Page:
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The definition of infrastructure that forever stuck in my head was the playful answer of a colleague who had heard somewhere else that “infrastructure is everything that typically gets destroyed in a Hollywood blockbuster.” Roads, bridges, trains, ports, buildings and energy networks all appeared simultaneously in my mind.
But the UNDP’s Sustainable Development Goals requires investors to think beyond just physical infrastructure in its Goal 9: ‘Industrial Innovation and Infrastructure’.
SDG9 calls on us to “build resilient infrastructure, promote inclusive and sustainable industrialization and foster innovation”. This is a broad definition that also focuses on mobility and accessibility; increasing the access of SMEs – the backbone of most economies – to markets and capital; upgrading and retrofitting infrastructure and industry to make them climate-friendly; advancing R&D, scientific research, and innovation; facilitating infrastructure development in emerging markets; and guaranteeing universal and affordable access to the world wide web around the globe.
This is an ambitious agenda, that allows for ample entry points for impact investors. So, here are five angles for investors that are worth keeping in mind when addressing SDG9:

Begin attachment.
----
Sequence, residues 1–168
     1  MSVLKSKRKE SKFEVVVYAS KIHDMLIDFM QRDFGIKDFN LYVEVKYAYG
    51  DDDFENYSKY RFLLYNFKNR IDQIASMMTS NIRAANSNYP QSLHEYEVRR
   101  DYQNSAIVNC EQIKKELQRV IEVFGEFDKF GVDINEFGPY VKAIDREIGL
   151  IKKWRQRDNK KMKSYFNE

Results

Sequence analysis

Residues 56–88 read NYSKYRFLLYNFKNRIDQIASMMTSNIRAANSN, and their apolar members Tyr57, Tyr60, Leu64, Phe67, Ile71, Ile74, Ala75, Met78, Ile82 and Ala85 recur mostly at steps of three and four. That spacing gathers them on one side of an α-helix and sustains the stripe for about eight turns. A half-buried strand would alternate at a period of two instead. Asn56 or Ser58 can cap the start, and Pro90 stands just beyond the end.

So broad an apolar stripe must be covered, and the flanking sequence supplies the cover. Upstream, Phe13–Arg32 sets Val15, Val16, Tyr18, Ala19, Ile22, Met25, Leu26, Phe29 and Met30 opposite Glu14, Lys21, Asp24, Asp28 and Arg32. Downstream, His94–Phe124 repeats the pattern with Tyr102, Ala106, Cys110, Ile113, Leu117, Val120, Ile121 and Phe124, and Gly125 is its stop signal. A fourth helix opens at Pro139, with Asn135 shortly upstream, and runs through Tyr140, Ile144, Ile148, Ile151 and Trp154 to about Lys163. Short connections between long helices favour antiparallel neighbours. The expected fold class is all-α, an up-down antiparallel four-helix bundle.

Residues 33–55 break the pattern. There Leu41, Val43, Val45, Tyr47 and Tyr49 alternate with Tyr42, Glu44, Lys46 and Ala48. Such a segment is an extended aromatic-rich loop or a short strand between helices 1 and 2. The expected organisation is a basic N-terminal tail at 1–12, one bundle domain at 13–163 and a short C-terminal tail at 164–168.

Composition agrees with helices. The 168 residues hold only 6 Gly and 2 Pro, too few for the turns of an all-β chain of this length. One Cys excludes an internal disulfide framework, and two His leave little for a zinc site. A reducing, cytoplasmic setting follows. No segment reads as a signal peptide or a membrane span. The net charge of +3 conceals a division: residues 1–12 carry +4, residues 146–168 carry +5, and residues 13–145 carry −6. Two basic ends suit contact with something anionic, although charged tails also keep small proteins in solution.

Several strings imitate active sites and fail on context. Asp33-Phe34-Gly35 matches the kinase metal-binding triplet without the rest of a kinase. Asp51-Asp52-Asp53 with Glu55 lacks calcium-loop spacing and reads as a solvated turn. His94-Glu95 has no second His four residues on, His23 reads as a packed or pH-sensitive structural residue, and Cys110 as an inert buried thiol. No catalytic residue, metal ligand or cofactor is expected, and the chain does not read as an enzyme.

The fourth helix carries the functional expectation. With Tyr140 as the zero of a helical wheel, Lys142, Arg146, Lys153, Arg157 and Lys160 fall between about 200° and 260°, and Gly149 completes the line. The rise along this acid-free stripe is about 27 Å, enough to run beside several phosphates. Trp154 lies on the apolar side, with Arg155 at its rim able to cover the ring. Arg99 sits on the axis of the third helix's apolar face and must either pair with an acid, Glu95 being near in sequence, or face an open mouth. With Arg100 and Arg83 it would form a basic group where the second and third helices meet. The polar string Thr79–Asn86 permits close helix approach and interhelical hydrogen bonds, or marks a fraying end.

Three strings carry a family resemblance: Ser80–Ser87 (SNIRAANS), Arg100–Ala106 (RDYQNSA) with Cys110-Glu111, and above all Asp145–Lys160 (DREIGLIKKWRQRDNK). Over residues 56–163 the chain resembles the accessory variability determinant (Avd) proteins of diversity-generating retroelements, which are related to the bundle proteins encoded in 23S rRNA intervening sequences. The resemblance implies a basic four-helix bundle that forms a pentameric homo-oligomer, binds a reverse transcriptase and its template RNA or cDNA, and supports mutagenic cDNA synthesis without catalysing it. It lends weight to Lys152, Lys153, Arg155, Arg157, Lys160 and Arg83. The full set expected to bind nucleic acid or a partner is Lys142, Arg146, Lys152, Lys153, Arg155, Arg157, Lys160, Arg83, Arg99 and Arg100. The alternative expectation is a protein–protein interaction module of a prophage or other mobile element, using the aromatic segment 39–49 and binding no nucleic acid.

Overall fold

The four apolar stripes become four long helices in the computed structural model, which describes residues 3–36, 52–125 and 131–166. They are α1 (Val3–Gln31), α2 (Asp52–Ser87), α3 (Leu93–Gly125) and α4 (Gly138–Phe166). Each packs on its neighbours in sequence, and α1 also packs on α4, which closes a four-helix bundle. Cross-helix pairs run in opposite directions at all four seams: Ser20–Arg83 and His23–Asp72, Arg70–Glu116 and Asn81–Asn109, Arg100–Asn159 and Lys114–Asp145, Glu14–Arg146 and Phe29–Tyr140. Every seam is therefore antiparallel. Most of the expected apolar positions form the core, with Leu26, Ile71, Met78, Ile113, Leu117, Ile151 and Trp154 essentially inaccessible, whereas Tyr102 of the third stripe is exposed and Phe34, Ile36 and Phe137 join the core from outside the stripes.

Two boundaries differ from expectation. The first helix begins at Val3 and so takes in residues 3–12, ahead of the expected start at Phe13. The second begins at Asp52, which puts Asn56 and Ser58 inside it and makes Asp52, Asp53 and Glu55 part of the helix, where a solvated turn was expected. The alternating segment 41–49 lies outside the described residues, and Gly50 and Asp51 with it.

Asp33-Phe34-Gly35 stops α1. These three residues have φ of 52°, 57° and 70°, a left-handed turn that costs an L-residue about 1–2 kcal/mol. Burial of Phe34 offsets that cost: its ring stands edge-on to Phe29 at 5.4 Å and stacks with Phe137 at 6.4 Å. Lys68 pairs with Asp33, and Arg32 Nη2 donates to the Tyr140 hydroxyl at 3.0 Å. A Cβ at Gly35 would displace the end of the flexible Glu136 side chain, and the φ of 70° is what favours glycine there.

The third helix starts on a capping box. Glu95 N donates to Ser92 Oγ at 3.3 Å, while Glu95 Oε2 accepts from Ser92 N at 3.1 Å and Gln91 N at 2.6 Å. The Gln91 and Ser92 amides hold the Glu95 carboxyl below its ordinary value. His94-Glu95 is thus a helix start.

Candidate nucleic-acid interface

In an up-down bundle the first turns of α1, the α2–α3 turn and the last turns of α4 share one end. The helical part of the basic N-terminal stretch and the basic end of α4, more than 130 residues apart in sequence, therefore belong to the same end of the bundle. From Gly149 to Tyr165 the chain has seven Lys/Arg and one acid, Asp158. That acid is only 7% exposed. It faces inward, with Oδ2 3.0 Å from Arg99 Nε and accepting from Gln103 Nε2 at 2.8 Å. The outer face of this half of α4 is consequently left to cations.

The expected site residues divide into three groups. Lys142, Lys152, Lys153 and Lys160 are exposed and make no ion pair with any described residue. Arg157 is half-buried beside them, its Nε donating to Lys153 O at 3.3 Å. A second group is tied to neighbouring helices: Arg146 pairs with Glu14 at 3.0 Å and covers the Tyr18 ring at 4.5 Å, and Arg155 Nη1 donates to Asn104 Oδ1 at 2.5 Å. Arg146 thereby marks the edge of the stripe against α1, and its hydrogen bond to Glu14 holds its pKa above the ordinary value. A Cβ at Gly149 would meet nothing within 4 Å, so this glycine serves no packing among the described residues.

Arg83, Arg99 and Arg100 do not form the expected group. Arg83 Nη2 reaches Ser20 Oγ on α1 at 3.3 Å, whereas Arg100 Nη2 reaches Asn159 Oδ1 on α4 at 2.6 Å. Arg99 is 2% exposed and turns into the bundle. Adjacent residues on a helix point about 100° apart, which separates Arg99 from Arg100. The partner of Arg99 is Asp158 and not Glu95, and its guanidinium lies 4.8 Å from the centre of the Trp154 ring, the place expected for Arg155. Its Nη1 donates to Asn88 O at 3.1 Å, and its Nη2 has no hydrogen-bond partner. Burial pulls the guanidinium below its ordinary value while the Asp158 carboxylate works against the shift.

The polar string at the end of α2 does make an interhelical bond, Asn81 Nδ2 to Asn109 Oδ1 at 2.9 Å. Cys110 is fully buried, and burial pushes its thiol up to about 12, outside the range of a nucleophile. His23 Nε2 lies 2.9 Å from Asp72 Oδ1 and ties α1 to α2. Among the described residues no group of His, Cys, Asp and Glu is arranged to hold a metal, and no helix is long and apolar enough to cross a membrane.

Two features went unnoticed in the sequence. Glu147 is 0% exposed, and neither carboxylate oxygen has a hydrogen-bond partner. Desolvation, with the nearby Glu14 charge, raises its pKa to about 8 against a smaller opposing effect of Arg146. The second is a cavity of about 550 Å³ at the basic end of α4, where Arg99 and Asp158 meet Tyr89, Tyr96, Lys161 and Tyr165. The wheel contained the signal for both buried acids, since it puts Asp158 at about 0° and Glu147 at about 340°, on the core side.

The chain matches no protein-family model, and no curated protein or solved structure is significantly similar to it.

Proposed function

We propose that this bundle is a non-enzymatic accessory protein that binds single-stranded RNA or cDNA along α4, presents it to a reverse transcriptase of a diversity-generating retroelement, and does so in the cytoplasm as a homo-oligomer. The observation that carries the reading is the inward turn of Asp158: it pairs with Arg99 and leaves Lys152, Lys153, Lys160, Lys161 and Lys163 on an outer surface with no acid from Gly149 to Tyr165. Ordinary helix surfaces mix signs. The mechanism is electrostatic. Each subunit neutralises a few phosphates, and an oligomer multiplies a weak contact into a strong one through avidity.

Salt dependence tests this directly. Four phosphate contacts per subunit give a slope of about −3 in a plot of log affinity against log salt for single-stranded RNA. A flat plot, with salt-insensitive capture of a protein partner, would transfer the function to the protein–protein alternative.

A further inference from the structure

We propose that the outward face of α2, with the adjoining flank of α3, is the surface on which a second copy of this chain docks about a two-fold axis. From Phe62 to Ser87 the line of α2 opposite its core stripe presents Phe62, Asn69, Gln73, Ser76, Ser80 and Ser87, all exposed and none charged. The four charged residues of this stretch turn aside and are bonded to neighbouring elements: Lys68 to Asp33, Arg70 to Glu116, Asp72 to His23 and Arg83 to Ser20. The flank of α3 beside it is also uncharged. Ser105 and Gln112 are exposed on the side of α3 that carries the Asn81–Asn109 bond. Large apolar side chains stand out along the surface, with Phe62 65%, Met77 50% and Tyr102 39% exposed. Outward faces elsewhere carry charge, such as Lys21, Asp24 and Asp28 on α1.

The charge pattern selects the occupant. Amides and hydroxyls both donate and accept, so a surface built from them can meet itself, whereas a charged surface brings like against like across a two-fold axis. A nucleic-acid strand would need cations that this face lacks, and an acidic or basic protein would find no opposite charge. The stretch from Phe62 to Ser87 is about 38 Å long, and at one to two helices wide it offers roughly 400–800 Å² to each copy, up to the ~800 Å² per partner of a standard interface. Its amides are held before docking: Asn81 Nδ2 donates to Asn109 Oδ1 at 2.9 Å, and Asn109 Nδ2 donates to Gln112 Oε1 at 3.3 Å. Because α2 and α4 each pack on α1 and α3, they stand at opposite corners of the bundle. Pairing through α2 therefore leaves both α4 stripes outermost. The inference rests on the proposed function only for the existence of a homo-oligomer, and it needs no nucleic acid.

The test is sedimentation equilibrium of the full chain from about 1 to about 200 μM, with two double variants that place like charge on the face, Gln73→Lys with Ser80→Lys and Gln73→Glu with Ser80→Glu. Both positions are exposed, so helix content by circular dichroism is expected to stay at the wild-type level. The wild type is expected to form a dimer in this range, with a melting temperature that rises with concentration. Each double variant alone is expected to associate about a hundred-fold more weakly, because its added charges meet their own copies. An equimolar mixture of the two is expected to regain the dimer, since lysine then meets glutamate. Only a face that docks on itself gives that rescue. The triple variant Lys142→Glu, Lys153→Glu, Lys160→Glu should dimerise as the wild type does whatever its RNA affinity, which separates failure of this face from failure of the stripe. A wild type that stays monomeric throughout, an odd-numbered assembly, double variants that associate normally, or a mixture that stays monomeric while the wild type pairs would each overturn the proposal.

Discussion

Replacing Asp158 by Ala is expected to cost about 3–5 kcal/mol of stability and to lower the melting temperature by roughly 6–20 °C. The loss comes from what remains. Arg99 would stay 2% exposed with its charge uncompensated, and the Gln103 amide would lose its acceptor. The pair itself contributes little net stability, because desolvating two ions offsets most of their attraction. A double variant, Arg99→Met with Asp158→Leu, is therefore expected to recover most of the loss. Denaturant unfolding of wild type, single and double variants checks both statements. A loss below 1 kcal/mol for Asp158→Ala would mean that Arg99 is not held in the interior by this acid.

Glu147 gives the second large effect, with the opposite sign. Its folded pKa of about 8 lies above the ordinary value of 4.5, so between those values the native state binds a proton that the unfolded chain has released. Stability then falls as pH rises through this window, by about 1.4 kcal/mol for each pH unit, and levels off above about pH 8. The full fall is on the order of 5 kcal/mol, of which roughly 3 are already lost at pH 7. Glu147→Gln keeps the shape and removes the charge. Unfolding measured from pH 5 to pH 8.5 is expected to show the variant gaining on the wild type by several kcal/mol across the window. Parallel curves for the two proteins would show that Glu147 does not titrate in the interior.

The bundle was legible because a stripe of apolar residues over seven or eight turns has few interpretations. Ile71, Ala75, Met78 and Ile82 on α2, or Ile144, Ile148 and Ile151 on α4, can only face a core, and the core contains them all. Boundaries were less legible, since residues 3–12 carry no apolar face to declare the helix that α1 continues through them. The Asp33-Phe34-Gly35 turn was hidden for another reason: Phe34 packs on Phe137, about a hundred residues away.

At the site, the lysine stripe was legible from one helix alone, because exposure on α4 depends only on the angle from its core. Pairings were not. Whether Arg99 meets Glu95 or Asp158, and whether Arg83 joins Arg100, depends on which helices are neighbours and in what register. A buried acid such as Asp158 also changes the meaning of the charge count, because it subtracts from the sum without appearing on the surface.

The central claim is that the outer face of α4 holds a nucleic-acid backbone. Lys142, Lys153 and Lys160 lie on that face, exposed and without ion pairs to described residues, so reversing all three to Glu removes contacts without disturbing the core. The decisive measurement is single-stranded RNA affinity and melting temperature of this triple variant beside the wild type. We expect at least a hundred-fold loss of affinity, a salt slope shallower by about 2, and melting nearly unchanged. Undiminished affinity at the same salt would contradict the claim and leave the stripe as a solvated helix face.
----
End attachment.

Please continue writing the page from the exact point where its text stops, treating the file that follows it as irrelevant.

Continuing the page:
1) Infrastructure needs to be built where there is under-development or lack of access. This holds especially true for emerging and frontier markets and creates ample opportunity to leapfrog directly to the newest technology standards. A recent report estimates infrastructure-related investments in emerging markets at $2.2trn annually for the next 20 years, including an investment opportunity of around $920bn annually for institutional investors. The focus will lie on Asia, as well as clean energy and health infrastructure.
2) Existing infrastructure is at increasing peril from the mounting effects of physical climate change, such as increased extreme weather, heat and cold waves, wildfires, floods and ultimately sea level rise. Adaptation and resilience upgrades will require investments, taking into account that on average every dollar spent in prevention will save up to five dollars in recovery. Industry fora such as the Coalition for Climate Resilient Investments are taking that challenge head on.
3) Climate change mitigation efforts rest heavily on technology upgrades and retro-fitting of existing infrastructure, especially in the energy generation, transport and building sectors, offering important connectors to SDGs 7 (Affordable and Clean Energy) and 13 (Climate Action).
4) Not all technologies necessary to decarbonise, maintain prosperity and decrease inequality have been developed yet to a level that allows for deployment at scale, which poses the challenge to advance R&D and innovation to that aim.